Last week, a railway job recruitment drive in India's northern states of Bihar and Uttar Pradesh turned violent, as groups protesting mass unemployment blocked roads and railway lines.
Protester Navin Kumar Jha, 28, told DW he was among 10 million applicants for roughly 36,000 total jobs being offered.
"The authorities had to finally suspend the recruitment. We wanted to draw attention to joblessness that is worsening in the country," Jha said.
The large-scale unemployment riots serve as a stark indicator of India's growing socioeconomic unrest.
Neelam Kapoor, a 26-year-old homemaker from a middle-class household in Delhi, has struggled for two years to keep the lights on and pay rent.
Her husband, Rajesh, a salesman, lost his job in a garment manufacturing firm last year during the height of the pandemic and has yet to find another job.
"Our savings are depleted. Retail prices have skyrocketed. Everything has gone up from oil, cooking gas and services. It is a miracle how we manage every month," Kapoor told DW.
India facing record unemployment
Jha and Kapoor are only two out of millions of people affected by India's current economic woes brought on by acute unemployment and spiraling inflation.
Rising cost of living, job losses and inflation have become full-blown crises, according to economists.
The unemployment rate in India, Asia's third-largest economy, rose to 7.9% in December, which corresponds to about 35 million people, Mahesh Vyas, managing director of the Centre for Monitoring Indian Economy (CMIE), told DW.
"Inflation seems poised to rise in the short run, but nothing seems to suggest that the unemployment rate will climb down commensurately. The near-term economic outlook therefore looks worse than where India stands today," said Vyas.
The nation's deteriorating labor market is likely to hamper post-pandemic economic recovery, as unemployment seems to persist in more than one sector or region, according to CMIE.
Vyas said unemployment has been increasing since September 2020, which is a not a good sign for economic recovery.
Unemployment a 'humanitarian crisis?'
Economists have said India will likely be stuck in the near future with persistent unemployment, high inflation, low demand and falling savings and investment.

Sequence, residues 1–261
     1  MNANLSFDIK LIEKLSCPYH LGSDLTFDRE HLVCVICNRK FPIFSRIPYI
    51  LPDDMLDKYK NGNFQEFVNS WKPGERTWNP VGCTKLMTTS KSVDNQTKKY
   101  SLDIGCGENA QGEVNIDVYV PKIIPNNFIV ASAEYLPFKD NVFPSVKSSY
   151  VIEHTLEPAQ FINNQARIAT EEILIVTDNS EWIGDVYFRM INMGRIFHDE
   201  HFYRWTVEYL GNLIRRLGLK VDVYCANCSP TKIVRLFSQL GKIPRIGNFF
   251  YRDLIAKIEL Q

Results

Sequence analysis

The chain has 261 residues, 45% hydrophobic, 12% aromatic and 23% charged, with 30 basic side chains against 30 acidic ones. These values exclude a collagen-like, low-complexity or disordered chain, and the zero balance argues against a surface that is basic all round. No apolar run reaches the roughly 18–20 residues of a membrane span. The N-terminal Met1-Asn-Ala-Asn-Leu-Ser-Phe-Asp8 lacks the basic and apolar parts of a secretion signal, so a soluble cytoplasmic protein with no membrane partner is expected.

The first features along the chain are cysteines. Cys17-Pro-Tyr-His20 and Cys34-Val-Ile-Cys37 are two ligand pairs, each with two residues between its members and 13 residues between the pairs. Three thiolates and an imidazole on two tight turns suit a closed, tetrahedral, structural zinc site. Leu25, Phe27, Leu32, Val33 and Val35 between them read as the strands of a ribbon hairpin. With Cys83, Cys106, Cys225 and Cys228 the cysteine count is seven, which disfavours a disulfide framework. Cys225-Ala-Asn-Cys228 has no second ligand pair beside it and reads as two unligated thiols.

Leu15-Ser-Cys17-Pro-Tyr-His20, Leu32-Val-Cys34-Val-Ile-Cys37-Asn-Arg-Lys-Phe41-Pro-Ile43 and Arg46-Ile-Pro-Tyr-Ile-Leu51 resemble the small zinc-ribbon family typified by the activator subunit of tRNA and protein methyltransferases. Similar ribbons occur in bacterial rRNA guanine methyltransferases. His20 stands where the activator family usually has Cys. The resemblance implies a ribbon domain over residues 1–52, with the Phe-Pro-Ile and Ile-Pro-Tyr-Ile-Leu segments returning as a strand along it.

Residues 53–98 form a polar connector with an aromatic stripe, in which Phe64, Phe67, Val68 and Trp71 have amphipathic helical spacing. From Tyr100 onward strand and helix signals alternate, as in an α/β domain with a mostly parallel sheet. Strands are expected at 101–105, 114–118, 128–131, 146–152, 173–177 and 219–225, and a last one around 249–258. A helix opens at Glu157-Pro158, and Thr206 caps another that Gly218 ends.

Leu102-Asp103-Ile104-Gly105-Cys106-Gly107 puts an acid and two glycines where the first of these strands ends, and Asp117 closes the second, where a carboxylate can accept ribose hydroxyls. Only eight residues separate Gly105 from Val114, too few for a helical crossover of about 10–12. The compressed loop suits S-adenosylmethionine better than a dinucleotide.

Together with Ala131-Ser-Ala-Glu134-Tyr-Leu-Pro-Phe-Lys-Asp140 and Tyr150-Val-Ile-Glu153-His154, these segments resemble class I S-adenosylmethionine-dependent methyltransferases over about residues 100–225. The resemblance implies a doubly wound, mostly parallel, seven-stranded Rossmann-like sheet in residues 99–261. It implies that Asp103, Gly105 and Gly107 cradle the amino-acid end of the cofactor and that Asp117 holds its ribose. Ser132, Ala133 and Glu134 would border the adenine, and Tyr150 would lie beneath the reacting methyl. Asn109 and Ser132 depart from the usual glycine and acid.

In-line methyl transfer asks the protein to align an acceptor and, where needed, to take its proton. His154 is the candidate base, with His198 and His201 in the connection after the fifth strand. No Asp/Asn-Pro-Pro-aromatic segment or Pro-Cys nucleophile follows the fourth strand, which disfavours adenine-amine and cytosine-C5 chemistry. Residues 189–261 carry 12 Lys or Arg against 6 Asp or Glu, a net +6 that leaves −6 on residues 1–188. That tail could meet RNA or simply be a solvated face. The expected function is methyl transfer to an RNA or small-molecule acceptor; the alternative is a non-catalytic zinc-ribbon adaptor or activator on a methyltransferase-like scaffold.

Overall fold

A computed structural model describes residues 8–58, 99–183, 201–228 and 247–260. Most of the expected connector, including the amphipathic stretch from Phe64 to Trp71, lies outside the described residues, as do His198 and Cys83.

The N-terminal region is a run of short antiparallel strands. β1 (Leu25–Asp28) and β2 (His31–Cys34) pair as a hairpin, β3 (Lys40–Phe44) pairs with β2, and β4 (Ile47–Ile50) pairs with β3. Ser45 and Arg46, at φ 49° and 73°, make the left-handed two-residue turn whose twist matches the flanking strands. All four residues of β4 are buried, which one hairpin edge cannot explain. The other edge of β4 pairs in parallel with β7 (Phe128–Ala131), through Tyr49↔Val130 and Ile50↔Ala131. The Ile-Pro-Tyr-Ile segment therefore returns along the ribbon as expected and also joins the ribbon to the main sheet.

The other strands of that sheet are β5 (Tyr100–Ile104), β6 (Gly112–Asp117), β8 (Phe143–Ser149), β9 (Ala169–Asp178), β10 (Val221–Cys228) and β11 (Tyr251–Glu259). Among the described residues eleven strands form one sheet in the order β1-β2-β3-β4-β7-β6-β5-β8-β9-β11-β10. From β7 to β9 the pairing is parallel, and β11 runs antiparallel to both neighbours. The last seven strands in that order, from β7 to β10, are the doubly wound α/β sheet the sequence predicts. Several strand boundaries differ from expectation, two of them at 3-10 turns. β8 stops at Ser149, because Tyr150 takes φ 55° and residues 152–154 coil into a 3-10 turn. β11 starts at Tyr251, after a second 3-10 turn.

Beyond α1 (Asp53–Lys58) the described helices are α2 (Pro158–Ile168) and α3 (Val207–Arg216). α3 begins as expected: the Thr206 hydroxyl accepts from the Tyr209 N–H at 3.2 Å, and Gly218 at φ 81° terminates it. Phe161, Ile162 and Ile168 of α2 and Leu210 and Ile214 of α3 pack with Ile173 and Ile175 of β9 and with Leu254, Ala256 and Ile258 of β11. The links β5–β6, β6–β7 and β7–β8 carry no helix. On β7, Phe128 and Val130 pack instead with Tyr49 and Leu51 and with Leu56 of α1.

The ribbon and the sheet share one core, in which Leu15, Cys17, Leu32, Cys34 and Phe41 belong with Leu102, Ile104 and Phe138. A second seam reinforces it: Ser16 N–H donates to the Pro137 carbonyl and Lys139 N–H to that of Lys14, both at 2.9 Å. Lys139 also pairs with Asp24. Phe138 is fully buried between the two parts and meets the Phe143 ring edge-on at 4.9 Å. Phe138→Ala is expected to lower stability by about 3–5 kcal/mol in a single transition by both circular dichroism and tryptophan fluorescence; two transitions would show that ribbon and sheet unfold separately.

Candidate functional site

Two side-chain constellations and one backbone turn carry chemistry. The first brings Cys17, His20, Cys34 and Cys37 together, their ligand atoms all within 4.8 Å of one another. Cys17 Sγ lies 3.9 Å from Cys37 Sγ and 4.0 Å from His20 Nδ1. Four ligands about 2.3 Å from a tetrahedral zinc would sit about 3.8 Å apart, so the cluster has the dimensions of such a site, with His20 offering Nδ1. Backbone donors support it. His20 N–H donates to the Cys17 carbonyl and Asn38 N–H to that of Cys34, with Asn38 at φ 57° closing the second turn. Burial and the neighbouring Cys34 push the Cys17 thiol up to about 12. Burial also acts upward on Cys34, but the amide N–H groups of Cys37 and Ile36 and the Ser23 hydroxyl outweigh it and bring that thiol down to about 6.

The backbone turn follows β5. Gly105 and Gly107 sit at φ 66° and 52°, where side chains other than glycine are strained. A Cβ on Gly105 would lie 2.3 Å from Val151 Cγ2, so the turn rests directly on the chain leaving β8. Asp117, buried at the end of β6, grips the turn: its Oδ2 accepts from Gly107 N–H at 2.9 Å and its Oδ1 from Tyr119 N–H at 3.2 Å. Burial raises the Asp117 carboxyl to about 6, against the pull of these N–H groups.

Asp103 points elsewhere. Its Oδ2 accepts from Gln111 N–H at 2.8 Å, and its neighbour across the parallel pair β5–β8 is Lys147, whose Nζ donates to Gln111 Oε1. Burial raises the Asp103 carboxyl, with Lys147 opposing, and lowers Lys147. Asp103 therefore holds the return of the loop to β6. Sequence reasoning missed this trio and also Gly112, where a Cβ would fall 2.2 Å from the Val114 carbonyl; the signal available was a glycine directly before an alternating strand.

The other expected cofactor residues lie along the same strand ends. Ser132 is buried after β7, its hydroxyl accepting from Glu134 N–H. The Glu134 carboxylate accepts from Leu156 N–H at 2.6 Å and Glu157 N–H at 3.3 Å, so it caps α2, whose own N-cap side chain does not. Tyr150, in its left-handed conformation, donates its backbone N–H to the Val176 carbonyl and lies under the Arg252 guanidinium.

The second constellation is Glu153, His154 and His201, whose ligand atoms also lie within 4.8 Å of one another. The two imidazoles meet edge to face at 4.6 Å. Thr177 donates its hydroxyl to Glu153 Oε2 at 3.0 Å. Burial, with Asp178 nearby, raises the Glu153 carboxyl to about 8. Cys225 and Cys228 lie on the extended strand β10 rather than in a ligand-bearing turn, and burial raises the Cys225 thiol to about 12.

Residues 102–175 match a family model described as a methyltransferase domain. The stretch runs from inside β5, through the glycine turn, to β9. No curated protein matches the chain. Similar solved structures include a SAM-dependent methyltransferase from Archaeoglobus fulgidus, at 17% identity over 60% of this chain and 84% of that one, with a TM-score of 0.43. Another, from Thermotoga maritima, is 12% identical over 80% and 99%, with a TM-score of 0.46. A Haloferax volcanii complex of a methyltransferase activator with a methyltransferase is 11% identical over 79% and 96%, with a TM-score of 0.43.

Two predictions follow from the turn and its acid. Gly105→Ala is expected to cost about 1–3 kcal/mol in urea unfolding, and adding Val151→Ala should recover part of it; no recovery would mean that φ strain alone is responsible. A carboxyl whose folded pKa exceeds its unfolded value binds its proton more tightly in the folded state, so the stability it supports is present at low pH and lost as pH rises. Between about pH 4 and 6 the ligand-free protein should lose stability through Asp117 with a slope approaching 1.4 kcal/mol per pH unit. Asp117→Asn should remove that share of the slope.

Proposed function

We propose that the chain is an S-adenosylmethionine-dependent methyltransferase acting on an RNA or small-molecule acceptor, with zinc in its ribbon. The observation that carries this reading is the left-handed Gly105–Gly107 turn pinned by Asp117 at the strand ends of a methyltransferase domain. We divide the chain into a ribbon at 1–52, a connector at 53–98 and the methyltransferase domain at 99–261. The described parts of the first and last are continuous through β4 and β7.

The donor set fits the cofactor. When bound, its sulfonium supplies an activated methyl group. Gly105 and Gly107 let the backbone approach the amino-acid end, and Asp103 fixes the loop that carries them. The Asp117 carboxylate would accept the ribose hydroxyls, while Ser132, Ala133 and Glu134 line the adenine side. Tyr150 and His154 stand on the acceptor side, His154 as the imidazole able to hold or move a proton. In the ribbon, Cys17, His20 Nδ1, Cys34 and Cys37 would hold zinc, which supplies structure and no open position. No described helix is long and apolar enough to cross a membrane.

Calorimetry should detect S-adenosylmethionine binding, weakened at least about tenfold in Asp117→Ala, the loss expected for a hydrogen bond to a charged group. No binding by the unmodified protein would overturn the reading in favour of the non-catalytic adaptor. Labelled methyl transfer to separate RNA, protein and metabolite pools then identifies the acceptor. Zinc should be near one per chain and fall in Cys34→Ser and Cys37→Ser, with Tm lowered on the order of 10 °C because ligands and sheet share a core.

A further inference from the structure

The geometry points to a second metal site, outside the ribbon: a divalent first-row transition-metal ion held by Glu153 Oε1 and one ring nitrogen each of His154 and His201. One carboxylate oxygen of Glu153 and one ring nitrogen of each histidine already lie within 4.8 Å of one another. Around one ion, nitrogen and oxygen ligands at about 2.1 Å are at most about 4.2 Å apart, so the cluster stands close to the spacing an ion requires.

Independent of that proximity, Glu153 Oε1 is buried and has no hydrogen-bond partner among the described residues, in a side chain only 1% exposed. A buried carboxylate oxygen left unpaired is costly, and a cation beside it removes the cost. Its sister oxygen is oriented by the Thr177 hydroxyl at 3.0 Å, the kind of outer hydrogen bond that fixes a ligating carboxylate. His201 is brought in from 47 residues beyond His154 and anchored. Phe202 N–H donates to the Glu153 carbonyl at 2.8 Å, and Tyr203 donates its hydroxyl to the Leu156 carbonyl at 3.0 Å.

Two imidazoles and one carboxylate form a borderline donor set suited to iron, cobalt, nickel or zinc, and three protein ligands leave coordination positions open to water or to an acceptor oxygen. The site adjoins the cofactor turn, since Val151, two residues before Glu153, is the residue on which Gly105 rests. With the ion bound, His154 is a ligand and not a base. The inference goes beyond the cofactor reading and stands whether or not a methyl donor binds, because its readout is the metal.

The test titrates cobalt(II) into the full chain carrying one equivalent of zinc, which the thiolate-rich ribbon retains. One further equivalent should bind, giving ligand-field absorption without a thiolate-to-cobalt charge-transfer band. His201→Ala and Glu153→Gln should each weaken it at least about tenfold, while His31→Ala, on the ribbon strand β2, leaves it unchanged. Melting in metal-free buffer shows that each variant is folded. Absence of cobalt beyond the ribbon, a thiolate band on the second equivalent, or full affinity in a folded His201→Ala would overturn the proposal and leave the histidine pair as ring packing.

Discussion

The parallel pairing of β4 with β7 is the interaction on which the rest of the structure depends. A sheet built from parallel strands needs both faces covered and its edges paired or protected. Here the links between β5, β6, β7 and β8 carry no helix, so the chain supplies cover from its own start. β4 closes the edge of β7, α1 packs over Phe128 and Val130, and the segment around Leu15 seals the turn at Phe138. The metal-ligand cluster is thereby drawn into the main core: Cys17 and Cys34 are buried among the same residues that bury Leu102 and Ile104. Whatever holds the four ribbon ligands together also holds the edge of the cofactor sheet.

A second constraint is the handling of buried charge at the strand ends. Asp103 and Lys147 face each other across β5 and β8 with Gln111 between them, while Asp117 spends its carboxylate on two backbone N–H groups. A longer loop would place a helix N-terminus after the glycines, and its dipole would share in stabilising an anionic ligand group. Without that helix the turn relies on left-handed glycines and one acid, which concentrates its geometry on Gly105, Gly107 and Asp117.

"Tackling unemployment is the predominant concern in India right now. This is a humanitarian crisis and I argue that the government should be the employer of last resort in such an emergency. Strengthening employment both in rural and urban India is vital," Lekha Chakraborty, professor at the National Institute of Public Finance and Policy, told DW.
"The Indian economy is suffering from long COVID. Lockdown strategies helped to flatten the curve but it has created almost irreversible economic disruptions," she added.
Economist Rudrani Bhattacharya said increasing private consumption, investment and reviving micro, small and medium enterprises (MSME) are key challenges going forward.
"We observe stable and positive double-digit growth in the credit flows to MSMEs, showing a stable pace of recovery of this sector accounting for a major fraction of the informal labor. The revival of MSMEs is a formidable task that lies ahead," Bhattacharya told DW.
MSMEs are the backbone of the Indian economy. These businesses contribute about 45% to manufacturing output, more than 40% of exports and over 28% of GDP. This amounts to employment for over 110 million people, which in terms of volume is second only to the agricultural sector.
Divide between rich and poor likely to grow
Amit Mitra, a former finance minister and current chief adviser to West Bengal Chief Minister Mamata Banerjee, said India may be on course for stagflation.
Stagflation is defined as a situation involving rising prices of goods and services combined with high unemployment and stagnant demand.
"Wholesale inflation is over 14% and unemployment has expanded. Without private investment, we may be heading toward stagflation," said Mitra.
Unemployment is especially concerning for young people trying to enter the job market, with no relief on the horizon. Inflation also puts pressure on people's savings. And both factor in to rising economic inequality in India.
According to the recently published World Inequality Report 2022, India is among the most unequal countries in the world with rising poverty and an affluent elite. The top 1% of the population now controls 22% of the national income, and the bottom 50% has a share of just 13% of the country's income, according to the report.
Edited by: Wesley Rahn